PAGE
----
Funerary Cone of the Scribe Amenemopet

New Kingdom

On view at The Met Fifth Avenue in Gallery 117

This cone has the impression of a stamp matrix created for a man named Amenemopet (Amen-em-opet) who was also known as Tjanefer (Tja-nefer). He was a scribe who kept accounts of the barley belonging to the god Amun and also had the title Overseer of the Fields. Amenemopet owned Theban tomb 297 (TT 297) which is in the Khokha cemetery of western Thebes, behind Metropolitan House, the former field headquarters of the Museum's Egyptian Expedition.

During the 1914-15 field season, while clearing TT 297 and two uninscribed tombs nearby, the Museum's archaeologists uncovered five cones with the same stamped impression (the others are 15.10.3, .4, .22, .23). Three other cones in the collection have the same stamp (19.185.12, .17, .20). The best preserved impressions are on this cone and number 15.10.23.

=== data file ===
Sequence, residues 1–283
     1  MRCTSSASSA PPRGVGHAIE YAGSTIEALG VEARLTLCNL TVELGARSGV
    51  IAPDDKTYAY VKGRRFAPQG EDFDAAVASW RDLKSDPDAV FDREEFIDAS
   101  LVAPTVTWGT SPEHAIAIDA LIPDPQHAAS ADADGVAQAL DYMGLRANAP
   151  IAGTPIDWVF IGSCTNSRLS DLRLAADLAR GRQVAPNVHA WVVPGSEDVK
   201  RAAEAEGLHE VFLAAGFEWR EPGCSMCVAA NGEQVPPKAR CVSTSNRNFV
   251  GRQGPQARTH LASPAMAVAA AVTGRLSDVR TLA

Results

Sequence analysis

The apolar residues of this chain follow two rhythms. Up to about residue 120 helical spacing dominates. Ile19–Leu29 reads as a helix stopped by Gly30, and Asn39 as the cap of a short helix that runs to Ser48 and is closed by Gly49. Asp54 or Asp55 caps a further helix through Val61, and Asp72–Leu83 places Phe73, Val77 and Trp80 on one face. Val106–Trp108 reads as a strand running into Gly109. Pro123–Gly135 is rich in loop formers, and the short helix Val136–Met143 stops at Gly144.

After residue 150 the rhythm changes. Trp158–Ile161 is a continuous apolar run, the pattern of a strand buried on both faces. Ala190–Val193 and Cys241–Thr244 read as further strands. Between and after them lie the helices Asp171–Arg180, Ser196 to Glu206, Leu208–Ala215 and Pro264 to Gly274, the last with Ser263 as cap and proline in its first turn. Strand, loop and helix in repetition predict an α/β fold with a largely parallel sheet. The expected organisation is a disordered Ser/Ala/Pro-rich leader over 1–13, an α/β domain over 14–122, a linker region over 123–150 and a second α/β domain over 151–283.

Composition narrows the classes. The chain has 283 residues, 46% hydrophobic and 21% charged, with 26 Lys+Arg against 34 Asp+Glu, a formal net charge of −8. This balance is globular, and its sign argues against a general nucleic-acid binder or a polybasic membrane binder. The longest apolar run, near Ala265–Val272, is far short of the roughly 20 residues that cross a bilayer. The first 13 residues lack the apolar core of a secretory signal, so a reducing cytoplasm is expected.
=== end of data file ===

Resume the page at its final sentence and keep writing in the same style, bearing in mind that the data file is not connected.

Hundreds of ceramic cones like this one have been found in the non-royal cemeteries of the Theban necropolis. The Museum's excavators uncovered a Middle Kingdom tomb with rows of uninscribed cones embedded along the upper edge of the façade (see attached photograph). It seems likely that inscribed New Kingdom cones, like this one, were used in the same way, identifying the tomb owner by name and title. Although some are inscribed with the names of officials such as Amenemopet whose tombs are known, other cones record the names of people whose tombs have not yet been identified. CHR

Funerary Cone of the Scribe Amenemopet, Pottery

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